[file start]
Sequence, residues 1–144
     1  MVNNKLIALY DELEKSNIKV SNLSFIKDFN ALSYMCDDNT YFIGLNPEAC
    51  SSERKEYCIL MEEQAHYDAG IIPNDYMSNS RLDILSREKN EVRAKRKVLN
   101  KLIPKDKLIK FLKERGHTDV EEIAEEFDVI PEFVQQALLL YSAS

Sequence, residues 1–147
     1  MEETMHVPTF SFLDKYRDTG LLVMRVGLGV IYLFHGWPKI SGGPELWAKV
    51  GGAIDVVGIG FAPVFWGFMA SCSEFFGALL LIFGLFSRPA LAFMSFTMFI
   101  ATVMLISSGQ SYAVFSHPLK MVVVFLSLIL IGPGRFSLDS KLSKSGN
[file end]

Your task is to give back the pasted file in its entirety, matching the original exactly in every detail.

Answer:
Sequence, residues 1–144
     1  MVNNKLIALY DELEKSNIKV SNLSFIKDFN ALSYMCDDNT YFIGLNPEAC
    51  SSERKEYCIL MEEQAHYDAG IIPNDYMSNS RLDILSREKN EVRAKRKVLN
   101  KLIPKDKLIK FLKERGHTDV EEIAEEFDVI PEFVQQALLL YSAS

Sequence, residues 1–147
     1  MEETMHVPTF SFLDKYRDTG LLVMRVGLGV IYLFHGWPKI SGGPELWAKV
    51  GGAIDVVGIG FAPVFWGFMA SCSEFFGALL LIFGLFSRPA LAFMSFTMFI
   101  ATVMLISSGQ SYAVFSHPLK MVVVFLSLIL IGPGRFSLDS KLSKSGN